And it came to pass, as they journeyed from the east
That is, the inhabitants of the whole earth; not Ham and his posterity only, or Nimrod and his company; but as all the sons of Noah and his posterity for a while dwelt together, or at least very near each other, and finding the place where they were too scanty for them, as their several families increased, they set out in a body from the place where they were, to seek for a more convenient one: it seems a little difficult how to interpret this phrase, "from the east", since if they came from Ararat in Armenia, where the ark rested, as that lay north of Shinar or Babylon, they might rather be said to come from the north than from the east, and rather came to it than from it: so some think the phrase should be rendered, "to the east" F2, or eastward, as in ( Genesis 13:11 ) . Jarchi thinks this refers to ( Genesis 10:30 ) "and their dwelling was" at "the mountain of the east"; from whence he supposes they journeyed, to find out a place that would hold them all, but could find none but Shinar; but then this restrains it to Joktan's sons, and besides, their dwelling there was not until after the confusion and dispersion. But it is very probable the case was this, that when Noah and his sons came out of the ark, in a little time they betook themselves to their former habitation, from whence they had entered into the ark, namely, to the east of the garden of Eden, where was the appearance of the divine Presence, or Shechinah; and from hence it was that these now journeyed: and so it was as they were passing on,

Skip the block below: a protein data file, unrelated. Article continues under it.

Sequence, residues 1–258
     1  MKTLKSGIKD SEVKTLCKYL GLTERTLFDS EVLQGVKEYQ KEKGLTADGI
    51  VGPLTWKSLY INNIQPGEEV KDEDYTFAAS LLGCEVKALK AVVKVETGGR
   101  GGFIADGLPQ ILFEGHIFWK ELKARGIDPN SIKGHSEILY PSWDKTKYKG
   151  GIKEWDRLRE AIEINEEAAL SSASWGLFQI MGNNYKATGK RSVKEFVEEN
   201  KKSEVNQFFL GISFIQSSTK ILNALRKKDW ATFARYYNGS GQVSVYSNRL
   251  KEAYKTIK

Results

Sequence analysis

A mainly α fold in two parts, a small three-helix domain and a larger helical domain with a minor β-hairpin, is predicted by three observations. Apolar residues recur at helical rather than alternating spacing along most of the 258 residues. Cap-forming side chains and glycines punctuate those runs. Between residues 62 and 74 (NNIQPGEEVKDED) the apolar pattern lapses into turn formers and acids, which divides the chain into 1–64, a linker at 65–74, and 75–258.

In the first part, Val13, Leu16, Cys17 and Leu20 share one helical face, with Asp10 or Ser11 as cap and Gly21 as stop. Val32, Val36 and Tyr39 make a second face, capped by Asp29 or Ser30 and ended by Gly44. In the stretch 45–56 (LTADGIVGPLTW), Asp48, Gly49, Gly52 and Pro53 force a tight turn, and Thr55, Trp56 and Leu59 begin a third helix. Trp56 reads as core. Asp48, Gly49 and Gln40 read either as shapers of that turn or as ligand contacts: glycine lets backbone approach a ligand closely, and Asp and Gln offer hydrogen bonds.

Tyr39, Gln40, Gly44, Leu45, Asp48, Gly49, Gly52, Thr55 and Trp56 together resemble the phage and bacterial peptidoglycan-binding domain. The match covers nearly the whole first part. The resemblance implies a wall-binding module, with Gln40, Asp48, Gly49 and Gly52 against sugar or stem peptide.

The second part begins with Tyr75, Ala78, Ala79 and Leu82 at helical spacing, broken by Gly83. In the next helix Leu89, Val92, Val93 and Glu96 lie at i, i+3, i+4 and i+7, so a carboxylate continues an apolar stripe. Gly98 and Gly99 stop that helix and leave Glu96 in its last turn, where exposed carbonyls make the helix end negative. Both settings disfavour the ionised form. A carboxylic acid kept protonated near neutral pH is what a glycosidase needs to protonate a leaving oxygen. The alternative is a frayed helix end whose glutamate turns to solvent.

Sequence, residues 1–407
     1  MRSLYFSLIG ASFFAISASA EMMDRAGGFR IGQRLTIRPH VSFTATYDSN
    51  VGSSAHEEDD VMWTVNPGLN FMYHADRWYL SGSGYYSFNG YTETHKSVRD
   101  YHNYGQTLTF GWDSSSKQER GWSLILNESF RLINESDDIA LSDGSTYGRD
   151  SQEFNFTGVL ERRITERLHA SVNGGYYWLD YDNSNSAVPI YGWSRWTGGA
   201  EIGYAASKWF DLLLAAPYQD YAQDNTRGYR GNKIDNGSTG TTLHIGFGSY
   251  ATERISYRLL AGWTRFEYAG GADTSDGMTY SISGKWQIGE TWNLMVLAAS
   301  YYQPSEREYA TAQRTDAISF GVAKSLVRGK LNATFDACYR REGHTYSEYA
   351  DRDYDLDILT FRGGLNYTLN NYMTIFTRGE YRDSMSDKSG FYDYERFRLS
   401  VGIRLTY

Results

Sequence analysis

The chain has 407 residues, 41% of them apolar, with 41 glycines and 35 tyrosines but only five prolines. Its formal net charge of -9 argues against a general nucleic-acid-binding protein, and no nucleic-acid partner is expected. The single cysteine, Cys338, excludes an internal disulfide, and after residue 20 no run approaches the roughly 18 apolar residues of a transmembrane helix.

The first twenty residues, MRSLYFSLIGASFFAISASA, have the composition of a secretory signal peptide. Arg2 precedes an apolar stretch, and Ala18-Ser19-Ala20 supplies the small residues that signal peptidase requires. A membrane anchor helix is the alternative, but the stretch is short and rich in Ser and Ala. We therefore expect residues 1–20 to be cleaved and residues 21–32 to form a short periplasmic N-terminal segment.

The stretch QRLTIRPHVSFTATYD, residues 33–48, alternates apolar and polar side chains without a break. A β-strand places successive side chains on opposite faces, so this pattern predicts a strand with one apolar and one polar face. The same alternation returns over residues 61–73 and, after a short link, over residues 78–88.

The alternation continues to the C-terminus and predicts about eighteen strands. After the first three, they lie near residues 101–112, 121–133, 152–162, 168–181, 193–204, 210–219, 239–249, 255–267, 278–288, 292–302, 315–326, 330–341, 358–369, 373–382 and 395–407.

that they found a plain in the land of Shinar;
which the Targum of Jonathan paraphrases the land of Babylon; and Hestiaeus F3, a Phoenician historian, calls it Sennaar of Babylon; there are plain traces of this name in the Singara of Ptolemy F4 and Pliny F5, the Hebrew letter (e) being sometimes pronounced as "G", as in Gaza and Gomorrah; the first of these place a city of this name in Mesopotamia, near the Tigris, and that of the other is reckoned a capital of the Rhetavi, a tribe of the Arabs, near Mesopotamia. This plain was very large, fruitful, and delightful, and therefore judged a fit place for a settlement, where they might have room enough, and which promised them a sufficient sustenance:
and they dwelt there;
and provided for their continuance, quickly beginning to build a city and tower, afterwards called Babylon: and that Babylon was built in a large plain is not only here asserted, but is confirmed by Herodotus F6, who says of it, that it lay (en pediw megalw) , in a vast plain, and so Strabo F7; which was no other than the plain of Shinar.
F2 (Mdqm) "ad Orientem, sive Orientem versus"; so some in Schmidt. Vid. Drusium in loc. & Fuller. Miscell. Sacr. l. 1. c. 4.
F3 Apud Joseph. Antiqu. l. 1. c. 4. sect. 3.
F4 Geograph. l. 5. c. 18.
F5 Nat. Hist. l. 5. c. 24.
F6 Clio sive, l. 1. c. 178.
F7 Geograph. l. 16. p. 508.